In a matter of 25 minutes, Arsenal ripped up the form book as they put five past Tottenham to claim maximum points, not to mention bragging rights, in one of most compelling north London derbies in living memory.
Amidst all of the chaos of Arsenal’s goal-scoring deluge at the Emirates Stadium, Tottenham will be kicking themselves for coming so close to executing the perfect game plan, but letting it slip much to the their embarrassment.
Tottenham’s approach was clear for all to see from the off; defend deep and use the pace they possessed, in particular with Gareth Bale, to catch a rickety Arsenal defence out cold on the break - and for a while it looked to have worked wonderfully.
Tottenham’s second goal was the perfect demonstration of the plan working to full effect while their first goal worked the system equally as well, with Gareth Bale releasing Emmanuel Adebayor from deep, with the Togolese striker pulling Laurent Koscielny out of position to create a huge space for Louis Saha to run into and eventually score.
Kyle Walker was also in on the action, pulling defenders out of position when he bombed forward.
The problem came however, when they tried to implement the second half of the plan.
Arsenal were invited forward expecting to see two banks of four but were able to exploit the chasm between defence, who went to deep and not as unit too many times, and midfield who as a foursome, were inadequate in providing protection and were too far from their team-mates at the back.
Before their second goal there were plenty of warning signs. Robin van Persie came close to leveling soon after, while Tomas Rosicky had a header brilliantly turned over by Brad Friedel.
For Van Persie’s effort Mikel Arteta bypassed the entire midfield four - who gave their opponents for too much space - with a simple pass to Alex Song, who was able to shift the ball wide to Bacary Sagna, with the Frenchman in acres of space to deliver a ball to Van Persie, who missed by a hair’s breadth.
Gareth Bale’s shrug of the shoulders in the moments after Friedel had expertly tipped Rosicky's header over typified the confusion in the Tottenham ranks as they struggled with the onslaught.
In the build up to Arsenal’s first goal of the game, Tottenham’s ragged shape cost them again, while another recurring theme, a lack of protection in wide positions also pined the blame on the midfield, most notably Niko Kranjcar and to a lesser extent, Gareth Bale.
Benoit Assou-Ekotto, a liability for much of the game, was exposed by the lack of cover in front of him by Kranjcar, and when it came to defending balls from out wide the Cameroonian was ponderous, while Scott Parker hardly covered himself in glory as all three men did little to stop balls coming into the area before Sagna headed powerfully into the back of the net to put the Gunners back in the game.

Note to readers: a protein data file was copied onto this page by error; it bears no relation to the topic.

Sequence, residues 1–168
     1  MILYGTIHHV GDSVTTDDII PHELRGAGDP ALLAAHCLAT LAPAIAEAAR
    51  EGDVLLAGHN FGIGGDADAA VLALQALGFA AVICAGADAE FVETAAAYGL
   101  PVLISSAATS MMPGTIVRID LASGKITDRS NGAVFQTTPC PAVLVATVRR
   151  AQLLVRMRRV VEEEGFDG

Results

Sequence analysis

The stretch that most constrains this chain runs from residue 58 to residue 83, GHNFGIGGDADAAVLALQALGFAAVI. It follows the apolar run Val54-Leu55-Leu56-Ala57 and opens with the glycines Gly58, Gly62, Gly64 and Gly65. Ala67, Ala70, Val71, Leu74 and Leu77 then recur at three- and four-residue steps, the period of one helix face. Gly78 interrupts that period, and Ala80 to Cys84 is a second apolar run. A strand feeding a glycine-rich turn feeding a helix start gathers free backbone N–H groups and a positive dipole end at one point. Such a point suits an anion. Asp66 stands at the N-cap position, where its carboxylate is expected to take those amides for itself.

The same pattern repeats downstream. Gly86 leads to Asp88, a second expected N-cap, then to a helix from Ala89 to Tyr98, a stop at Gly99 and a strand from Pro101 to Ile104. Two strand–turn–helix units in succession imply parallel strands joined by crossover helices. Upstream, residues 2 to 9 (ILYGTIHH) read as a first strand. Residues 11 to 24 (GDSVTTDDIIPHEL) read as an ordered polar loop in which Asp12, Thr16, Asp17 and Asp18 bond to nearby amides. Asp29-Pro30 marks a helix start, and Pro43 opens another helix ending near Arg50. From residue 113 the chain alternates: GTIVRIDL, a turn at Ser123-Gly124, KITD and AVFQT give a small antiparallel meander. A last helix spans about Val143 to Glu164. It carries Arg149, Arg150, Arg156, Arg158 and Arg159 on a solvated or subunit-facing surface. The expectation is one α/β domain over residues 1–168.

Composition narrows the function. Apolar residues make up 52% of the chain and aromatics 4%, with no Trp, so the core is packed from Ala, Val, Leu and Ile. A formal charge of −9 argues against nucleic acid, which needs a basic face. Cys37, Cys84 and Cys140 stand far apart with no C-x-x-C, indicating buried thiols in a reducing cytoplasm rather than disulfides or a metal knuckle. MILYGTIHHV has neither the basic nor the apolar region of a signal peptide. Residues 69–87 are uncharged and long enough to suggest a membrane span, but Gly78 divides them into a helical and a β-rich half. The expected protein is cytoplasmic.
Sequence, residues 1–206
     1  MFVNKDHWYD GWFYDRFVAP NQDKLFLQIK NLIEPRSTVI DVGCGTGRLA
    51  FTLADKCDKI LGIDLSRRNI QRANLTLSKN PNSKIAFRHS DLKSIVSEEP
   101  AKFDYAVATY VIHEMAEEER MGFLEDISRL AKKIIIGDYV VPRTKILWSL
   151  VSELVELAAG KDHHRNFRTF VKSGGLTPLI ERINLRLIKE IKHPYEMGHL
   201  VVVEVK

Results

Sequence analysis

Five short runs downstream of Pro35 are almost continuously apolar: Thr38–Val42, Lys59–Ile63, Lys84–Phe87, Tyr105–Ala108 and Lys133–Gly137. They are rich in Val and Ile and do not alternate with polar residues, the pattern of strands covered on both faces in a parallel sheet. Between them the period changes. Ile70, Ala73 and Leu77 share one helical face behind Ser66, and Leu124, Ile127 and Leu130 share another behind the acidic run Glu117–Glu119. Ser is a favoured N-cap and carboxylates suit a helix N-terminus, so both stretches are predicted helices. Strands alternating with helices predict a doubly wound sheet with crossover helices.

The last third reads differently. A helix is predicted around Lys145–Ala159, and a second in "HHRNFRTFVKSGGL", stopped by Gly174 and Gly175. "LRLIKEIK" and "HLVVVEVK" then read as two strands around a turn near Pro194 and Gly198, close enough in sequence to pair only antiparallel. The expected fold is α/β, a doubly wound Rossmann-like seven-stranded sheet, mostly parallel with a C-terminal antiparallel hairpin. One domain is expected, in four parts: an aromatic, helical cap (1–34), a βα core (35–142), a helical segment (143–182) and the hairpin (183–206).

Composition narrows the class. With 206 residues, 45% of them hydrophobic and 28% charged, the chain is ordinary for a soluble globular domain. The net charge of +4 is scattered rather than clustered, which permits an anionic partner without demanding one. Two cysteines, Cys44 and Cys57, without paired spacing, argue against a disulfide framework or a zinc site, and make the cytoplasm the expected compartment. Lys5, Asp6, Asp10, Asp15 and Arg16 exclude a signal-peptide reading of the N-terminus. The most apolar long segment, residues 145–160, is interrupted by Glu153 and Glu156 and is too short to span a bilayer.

Parker tried desperately to shore up the leaking ship but could do little as he stepped up, went man for man in an attempt to close the ball but with an extra man in the middle of the pitch, Arsenal were able to play around him and get past Luka Modric, who was particular errant in his defensive responsibilities. Tottenham simply couldn't get a grasp on the game, and even at 2-0 they looked vulnerable and prone to conceding a goal.
Van Perse’s wonderful piece of individual skill drew Arsenal level just before half time, and in the process probably scored the goal that defined the outcome of the game.
Tottenham may have opted to stay as they were for the second half if they had held onto the lead but van Persie’s goal meant they needed to switch things up, and stem the flow if they were to win the game.
Harry Redknapp opted to make changes right away at half-time, bringing on Sandro and Rafael Van der Vaart in place of Saha and Kranjcar in an attempt to shore things up in midfield and roughly match Arsenal’s formation.
What Redknapp didn’t count upon however, was his anchor in midfield going AWOL. Sandro appeared to have little defensive inclination, getting ahead of the ball regularly, leaving Parker to put out fires all over the place, something that would eventually prove to be his downfall.
With Spurs tactically at sea Arsenal were able to play them at their own game, countering and exploiting the space and time in the second half to devastating effect.
While Tottenham may have played a large part in their own downfall, the Gunners front four deserve plenty of credit for doing what Tottenham had done in the first half, only better.
Balls from midfield into the feet of Rosicky and Theo Walcott turned Ledley King who struggled all afternoon to cope with the speed of Arsenal’s attack, while his partnership with Younes Kaboul needs examining after more often than not one pressed and the other didn’t, rendering Spurs’ offside trap ineffectual.
Walcott in particular exploited the gap between Assou-Ekotto and King well, running the channel he is so used to and finding the far corner of the net twice, one drive and one chip, to hand Arsenal the points.
Tottenham have proved their mettle at the back already this season so there is little to suggest their performance was them reverting to type – Redknapp will be praying it was just a bad day at the office.